The Cantaloupe & I--Adventures of a Monastic Shopper Part 2....by Sr. Anna-Camille
It’s time to talk about the cantaloupe incident. In my defense, I am a reasonably experienced cantaloupe buyer and had never experienced a cantaloupe malfunction.
But that Wednesday was the day. I approached the melon table at Safeway innocently enough, having no idea what awaited me. I selected a small watermelon with no difficulty. Then I began looking for a good cantaloupe. As I always do, I gave it a good sniff, smelled good, and then I gently, let me repeat; gently, pushed the bottom of the cantaloupe with my thumb. My thumb was violently swallowed up, disappearing into the cantaloupe. Cantaloupe juice (I didn’t know cantaloupes had this much juice!) sprayed everywhere. There were 2 other shoppers next to me. They too were hit by flying bits of cantaloupe. The rind on that melon had broken like an eggshell. I pulled my thumb out of the cantaloupe, apologized to my fellow shoppers, trying not to see the looks on their faces and very glad I wasn’t wearing my St. Placid t-shirt. There were no paper towels or hand wipes nearby. I went over to the produce section where the vegetables are sprayed and waited for the spray to come on. That took care of it. It was several weeks before I had the courage to approach a cantaloupe again.
These past months of 3 times a week shopping have taught me more about cuts of meat, pasta sauce in toothpaste tubes, and tofu cutlets than I ever would have thought to learn. And through it all Nico has been my coach and patient teacher. No matter what I bring home, no matter how far it deviates from what he actually wanted (I can tell you about the marshmallow fluff another time), he always says, “I can use that.” And the miracle is that he can, he does, and it’s wonderful.
He asked for two pork shoulders a couple of weeks ago. I brought home 2 packages. It had seemed like a lot of meat, but we were scheduled for a full retreat house for four days, so I figured that was why. When he saw the meat, he got the look, and I said, “I got two like you asked for. It seems like a lot.” “Yes,” he said.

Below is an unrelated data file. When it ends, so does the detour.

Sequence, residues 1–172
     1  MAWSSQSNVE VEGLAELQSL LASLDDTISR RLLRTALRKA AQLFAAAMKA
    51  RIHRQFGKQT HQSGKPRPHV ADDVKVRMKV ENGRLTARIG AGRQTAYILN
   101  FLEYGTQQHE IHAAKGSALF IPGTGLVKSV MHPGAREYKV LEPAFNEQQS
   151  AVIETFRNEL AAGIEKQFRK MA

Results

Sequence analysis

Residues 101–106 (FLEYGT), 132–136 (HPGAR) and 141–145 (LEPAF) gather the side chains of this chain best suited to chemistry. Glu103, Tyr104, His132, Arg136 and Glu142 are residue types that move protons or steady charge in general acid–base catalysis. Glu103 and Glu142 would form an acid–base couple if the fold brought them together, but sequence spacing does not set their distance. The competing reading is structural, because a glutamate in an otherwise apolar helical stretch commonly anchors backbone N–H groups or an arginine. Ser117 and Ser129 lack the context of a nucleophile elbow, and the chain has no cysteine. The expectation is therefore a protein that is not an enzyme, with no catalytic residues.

“Each package has two shoulders in it, so this is actually four. But I can use it.” It turned out our retreat group had to cancel. Thirty-seven pounds of pork shoulder, but Nico has been up to the challenge. He has been using pork in every way possible from pork lumpia to Cuban sandwiches. And we love it.
I have learned to love my trips to the grocery store. I feel a sense of community that often catches me by surprise. I spilled a container of blueberries in the self-checkout area. Actually, they shot up in the air first and I suppose it would be more accurate to say it rained blueberries. But everyone else in self-checkout pitched in and helped me gather them up, the kids especially.
The Chef’s Store is a meeting place of different cultures and cuisines. Families shopping for their restaurant, church ladies buying for their church kitchen, chefs racing through the line with one item--the one I always assume is the one essential ingredient for their next great dish. At Safeway, there are the mothers (and dads too) shopping with the kids in tow--this time of year, trying to hurry past the Halloween candy display. Older folks like me, shopping carefully and considering each item. And always, my favorite, the husband or boyfriend, cell phone pressed tight against their ear, trying to get it right. “But they don’t have any red ones, just blue.” “Did you want them with sprinkles or not?” “So how much green should there be?”
We are together, doing that most ordinary of tasks, shopping for our daily bread, but I believe our shopping carts are like snowflakes, there have never been two that were filled with exactly the same things. I am connected to everyone in that store trying to feed themselves, their families, their community and trying to do it wisely, economically, and creatively.
In my monastic grocery shopping I have found, in a way that grabbing a bag of salad and running never could, a profound awareness of the variety and beauty of God’s gifts to us. Looking at a Jack fruit the size of a possum, or delicate Asian melons, and the glorious colors, shapes, and sizes of peppers, I see God manifest. I have loved keeping track of the ebb and flow of summer by watching the different fruits come in and then out of season. I am deeply grateful to everyone who keeps the shelves and freezers stocked and who answers my questions about where to find the unfamiliar vegetable or special cheese. Finally, I have come to understand and see the grace in the “blessings of the daily.”